Hess COVID test sends federal officers into quarantine

Megan Hess in 2015.

Federal officers and at least two Western Slope officers had to self-quarantine after arresting former Montrose mortuary owner Megan Hess on her indictment March 17.

Hess and her mother, Shirley Koch, were federally indicted on charges of mail fraud and illegally shipping hazardous materials, associated with the alleged sale of bodies and body parts without the permission of next of kin.

They deny the charges and associated allegations.

“While I am not authorized to discuss the indictment in federal court, I look forward to representing Ms. Hess in this matter,” attorney Dan Shaffer, one of two who was appointed to represent Hess, said Friday.

Koch’s attorney Stephen Laiche declined comment.

According to U.S. Magistrate Gordon P. Gallagher’s March 19 order, Hess — who, along with Koch, is free on a $100,000 unsecured bond — was displaying symptoms known to be associated with COVID-19.

“During the arrest process, Defendant Hess was necessarily in close and physical contact and proximity with numerous law enforcement officers, including, but not limited to, two deputy United States Marshals, one FBI special agent and two or more local law enforcement officers from the Western Slope,” Gallagher said. He ordered an immediate COVID-19 test and told the Colorado Department of Public Health and Environment to provide the result as soon as it was available.

This was completed, Gallagher’s order states. The result is not publicly available because it is a health matter; however, the order concerning the test is a public document.

Because the officers came into contact with Hess when she might have had the virus, they had to self-quarantine, which pulled them off-duty and away from their families, the magistrate said. He had ordered an immediate result, so that the affected officers could know either way.

Hess formerly operated Sunset Mesa Funeral Foundation, which did business as Sunset Mesa Funeral Directors and Donor Services Inc.

Donor Services was described as obtaining human remains for purposes such as research, however, Hess and Koch allegedly ran a scheme through which they sold the bodies, while representing to decedents’ survivors they had been donated and/or cremated.

The women were indicted roughly two years after the FBI raided Sunset Mesa in February of 2018.

They are accused of misrepresenting their services in order to maintain a steady supply of bodies for sale to research, educational and medical markets.

The indictment alleges the women either did not obtain permission, or had permission only for a small donation of tissue. The FBI alleged finding several forged signatures on permission forms and that in “hundreds” of other instances, the remains were sold without a form at all.

Hess and Koch are also accused of shipping by air the remains of three people who were positive for infectious diseases, and of either altering documents to represent the bodies as being disease-free, or not including such documentation.

People who used Sunset Mesa in making arrangements for their deceased friends and family have also alleged in lawsuits that they received incorrect cremains (based on items found in the ashes that were not associated with the deceased), or concrete mix instead of ashes. Several people also reported having been contacted by the FBI and learning that their loved ones allegedly had been harvested for body parts, not cremated.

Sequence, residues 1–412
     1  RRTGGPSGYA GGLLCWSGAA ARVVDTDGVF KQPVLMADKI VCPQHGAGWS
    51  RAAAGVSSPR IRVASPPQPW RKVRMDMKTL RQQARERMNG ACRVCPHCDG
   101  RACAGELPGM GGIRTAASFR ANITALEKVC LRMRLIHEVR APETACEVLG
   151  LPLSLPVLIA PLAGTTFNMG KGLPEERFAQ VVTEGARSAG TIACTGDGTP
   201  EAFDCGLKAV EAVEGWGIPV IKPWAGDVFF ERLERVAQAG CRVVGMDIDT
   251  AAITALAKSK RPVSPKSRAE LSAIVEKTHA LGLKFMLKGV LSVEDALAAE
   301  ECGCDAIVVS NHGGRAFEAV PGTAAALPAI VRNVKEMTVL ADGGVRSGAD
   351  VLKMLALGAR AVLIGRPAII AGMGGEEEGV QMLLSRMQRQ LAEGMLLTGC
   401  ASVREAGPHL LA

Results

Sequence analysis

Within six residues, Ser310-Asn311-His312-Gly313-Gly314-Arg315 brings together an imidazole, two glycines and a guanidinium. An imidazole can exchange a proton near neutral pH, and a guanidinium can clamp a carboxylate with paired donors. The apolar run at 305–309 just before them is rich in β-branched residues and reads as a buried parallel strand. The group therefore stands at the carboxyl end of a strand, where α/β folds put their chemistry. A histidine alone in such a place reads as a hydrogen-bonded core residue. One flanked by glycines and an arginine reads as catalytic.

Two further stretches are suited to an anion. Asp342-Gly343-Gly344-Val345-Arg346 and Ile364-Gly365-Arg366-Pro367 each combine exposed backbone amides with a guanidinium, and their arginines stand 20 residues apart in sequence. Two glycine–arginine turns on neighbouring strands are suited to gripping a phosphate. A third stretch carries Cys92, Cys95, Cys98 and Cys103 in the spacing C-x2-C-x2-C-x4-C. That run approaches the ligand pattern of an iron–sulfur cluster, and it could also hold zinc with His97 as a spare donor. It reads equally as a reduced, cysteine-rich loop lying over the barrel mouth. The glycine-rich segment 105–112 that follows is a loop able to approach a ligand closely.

Hess and Koch were initially slated for an April 20 trial, however, their attorneys secured a continuance until early November.

Hess said through her attorneys that she needs more time to prepare a defense, in light of the complexity of the case, which entails more than 500,000 pages of documents; about 30 substantively charged acts and more than 100 acts the government says are relevant to the indictment.

Preparation may require locating witnesses that have moved from the area, trying to obtain documents from dismantled businesses, consultation with experts and extensive travel for investigatory work.

At minimum, Hess will need six months to adequately prepare, Shaffer wrote in the motion for continuance, which federal prosecutors did not oppose.

“It is not inconceivable that more time will be necessary given the scope of this case,” Shaffer wrote.

Koch’s attorneys filed a similar motion, stating the April 20 trial date doesn’t give enough time for effective preparation.

“Given the number of searches at issue and the agencies involved, counsel will require considerable time to analyze potential Fourth Amendment issues,” Laiche wrote.

The U.S. District Court on March 20 granted the motions.

Its order on Hess’ motion said the alleged actions span about eight years and involve multiple relevant acts, as well as voluminous records.

“The court finds that failure to grant such a continuance would make it impossible for the defense to proceed and would provide inadequate preparation time …” the order states.

The parties were directed to schedule a phone conference to start the process that will ensure appropriate resources are brought to bear, so that the case will not be unduly delayed.

An estimated month-long trial is now set to start on Nov. 2 at the federal courthouse in Grand Junction.

Katharhynn Heidelberg is the Montrose Daily Press assistant editor and senior writer. Follow her on Twitter, @kathMDP.

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